A birthday dinner @ On Lot 10

It was a Sunday, and our mission was to find a restaurant to celebrate my dear friend DL’s birthday three days later.  At first we booked Tango, but when they asked us for a deposit (which is understandable, considering it was a booking for 14 people), AND a minimum spend of HK$750 per person (which I thought was utterly preposterous), I decided to find another option. Regardless of the fact that we most likely would have spent that much anyway,  Tango is not fine dining. It is not a private kitchen, nor were we booking a private room, and it was a rather hoity-toity of them to ask this of us!

The table setting

The table setting

I called around and amazingly, On Lot 10 was able to seat us! I’ve been there once before and I had good memories of it, but I must say, this visit really secured it a top place position in terms of favourite restaurants in my mind.

Spread over two floors decorated in clean whites and chocolate brown, On Lot 10 is an unassuming and understated gem serving French cuisine in large portions made to share. I am a fan of David Lai’s restaurants, and whilst Bistronomique in Kennedy Town is a bit far away for me, I always have to pop by Boulangerie Bistronomique whenever I am in the area, and I’m a regular at Kushiyaki Beco, one of my favourite places to go for a fun dinner with friends.

The menu is seasonal, and consists mainly of classic French dishes with a focus on what is in season and freshly available on the day. As a result, there are always daily fish and meat specials which are not on the menu, and other daily specials that can only be pre-ordered because of the longer cooking times.

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Beef Sirloin Tartare “Batutta” – foie gras, mushroom, celery, anchovy, parmesan HK$165

Hold the celery and this is one of the best versions of beef tartare that I’ve seen (the one at Upper Modern Bistro is pretty original also). I love the mandolin-sliced champignon de Paris, and the fresh foie gras adds an element of irresistible over-the-topness that is just so deliciously tempting!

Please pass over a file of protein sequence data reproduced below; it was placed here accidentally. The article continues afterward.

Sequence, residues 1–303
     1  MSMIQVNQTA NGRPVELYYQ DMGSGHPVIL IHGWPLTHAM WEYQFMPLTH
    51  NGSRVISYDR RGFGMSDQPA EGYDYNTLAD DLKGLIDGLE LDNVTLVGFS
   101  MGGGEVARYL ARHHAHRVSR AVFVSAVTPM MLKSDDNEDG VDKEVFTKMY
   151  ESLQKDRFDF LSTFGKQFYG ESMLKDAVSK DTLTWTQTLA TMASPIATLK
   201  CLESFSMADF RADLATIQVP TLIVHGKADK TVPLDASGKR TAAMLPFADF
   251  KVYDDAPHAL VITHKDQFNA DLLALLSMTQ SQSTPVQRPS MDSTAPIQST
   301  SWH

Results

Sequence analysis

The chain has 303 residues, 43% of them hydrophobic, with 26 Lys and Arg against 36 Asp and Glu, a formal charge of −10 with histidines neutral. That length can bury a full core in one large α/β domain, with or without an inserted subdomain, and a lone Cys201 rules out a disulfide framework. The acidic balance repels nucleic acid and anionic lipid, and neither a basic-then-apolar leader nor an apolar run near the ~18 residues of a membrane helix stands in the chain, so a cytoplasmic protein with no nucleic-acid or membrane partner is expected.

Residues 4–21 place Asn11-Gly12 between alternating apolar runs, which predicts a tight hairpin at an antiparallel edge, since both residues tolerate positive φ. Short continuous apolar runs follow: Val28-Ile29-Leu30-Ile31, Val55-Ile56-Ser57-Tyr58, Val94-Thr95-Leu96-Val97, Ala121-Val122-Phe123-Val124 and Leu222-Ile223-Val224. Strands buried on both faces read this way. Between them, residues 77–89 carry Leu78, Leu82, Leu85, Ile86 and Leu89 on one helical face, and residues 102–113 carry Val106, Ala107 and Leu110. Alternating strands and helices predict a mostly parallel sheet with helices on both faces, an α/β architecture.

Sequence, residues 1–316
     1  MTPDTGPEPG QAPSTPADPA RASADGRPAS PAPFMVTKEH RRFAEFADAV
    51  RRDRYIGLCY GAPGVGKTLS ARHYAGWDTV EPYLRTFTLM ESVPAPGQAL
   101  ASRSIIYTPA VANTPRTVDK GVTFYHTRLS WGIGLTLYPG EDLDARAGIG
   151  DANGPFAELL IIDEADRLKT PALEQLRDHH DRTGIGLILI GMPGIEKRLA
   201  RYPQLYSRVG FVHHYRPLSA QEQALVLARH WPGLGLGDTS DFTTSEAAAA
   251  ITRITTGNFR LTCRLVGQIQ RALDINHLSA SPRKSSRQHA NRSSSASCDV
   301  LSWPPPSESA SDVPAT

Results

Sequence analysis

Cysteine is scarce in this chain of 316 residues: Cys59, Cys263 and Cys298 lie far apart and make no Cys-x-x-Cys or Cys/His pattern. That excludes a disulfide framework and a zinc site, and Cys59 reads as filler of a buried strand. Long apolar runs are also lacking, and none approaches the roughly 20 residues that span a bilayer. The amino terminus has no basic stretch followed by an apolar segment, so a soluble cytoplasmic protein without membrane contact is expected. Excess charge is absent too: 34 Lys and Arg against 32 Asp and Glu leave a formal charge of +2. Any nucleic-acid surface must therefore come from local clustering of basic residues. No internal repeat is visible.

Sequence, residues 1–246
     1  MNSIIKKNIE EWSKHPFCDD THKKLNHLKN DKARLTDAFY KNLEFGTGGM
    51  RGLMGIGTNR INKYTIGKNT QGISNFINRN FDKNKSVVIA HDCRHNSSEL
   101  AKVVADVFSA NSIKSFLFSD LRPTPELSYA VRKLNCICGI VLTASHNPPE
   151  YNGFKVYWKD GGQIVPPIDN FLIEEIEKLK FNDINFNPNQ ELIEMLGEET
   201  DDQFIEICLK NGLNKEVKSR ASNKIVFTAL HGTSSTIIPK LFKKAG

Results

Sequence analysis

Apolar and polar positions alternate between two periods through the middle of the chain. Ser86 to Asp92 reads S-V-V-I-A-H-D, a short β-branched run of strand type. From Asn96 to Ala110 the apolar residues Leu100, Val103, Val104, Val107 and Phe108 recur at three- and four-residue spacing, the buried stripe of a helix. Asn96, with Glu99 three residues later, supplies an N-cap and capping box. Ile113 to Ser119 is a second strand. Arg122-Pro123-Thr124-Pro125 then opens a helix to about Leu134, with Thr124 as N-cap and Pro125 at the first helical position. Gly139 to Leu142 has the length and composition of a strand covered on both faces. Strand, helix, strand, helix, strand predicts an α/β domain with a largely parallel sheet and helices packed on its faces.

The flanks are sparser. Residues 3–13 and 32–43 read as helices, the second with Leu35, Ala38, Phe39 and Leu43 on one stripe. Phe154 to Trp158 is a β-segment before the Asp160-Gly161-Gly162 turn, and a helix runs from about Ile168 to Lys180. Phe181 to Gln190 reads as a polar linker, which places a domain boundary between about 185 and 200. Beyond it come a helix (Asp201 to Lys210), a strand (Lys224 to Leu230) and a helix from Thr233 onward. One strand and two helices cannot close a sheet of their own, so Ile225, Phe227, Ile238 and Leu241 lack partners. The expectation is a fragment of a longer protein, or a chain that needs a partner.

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Boudin Basque “Christian Parra”, pimente d’Espelette HK$140

A little birdy told me that On Lot 10 uses the same boudin noir as La Cabane a Vin. Some interesting facts were gleaned from my further research – I found that Christian Parra is a 2 Michelin-starred French chef of restaurant Auberge de la Galupe in Urt who is famed for his boudin recipe, which is sold commercially and … it’s canned! I can’t wait to get my hands on some the next time I go to Paris.

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Bone Marrow Risotto – shallot, beef jus, aged “Acquerello” rice HK$170

This was just bursting with so much rich flavour and a perfect combination of textures that I could have ordered it for a main and been perfectly content for the rest of the evening. It was a favourite of the table – big chunks of marrow, creamy Acquerello risotto topped with a wonderful beefy sauce and crispy shallots.

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Scallops Crudo, preserved lemon, horseradish, watercress HK$165

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Whole Steamed Breton Artichoke, truffle anchovy dressing HK$150

Next came the main courses. The menu states that the large dishes are for two to share, but really by two they actually mean three (and for the whole roast chicken, even four).

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Kushiyaki Beco, and the first time I tasted yuzukosho

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The Chefs Recommendation board

I recently asked a friend, who lived for several years in Tokyo, what her favorite Japanese restaurant in Hong Kong is – and Beco was her answer. Never one to ignore a good recommendation, I booked a table there as soon an an opportunity arose. She then very sweetly sent me a list of things to eat, “in order of importance” 🙂

Butter-yaki scallops
Short rib yakitori
Tofu steak
Croquette
Goya Chanpuru
Beco Pork Miso Soup
Liver yakitori (for the liver lovers)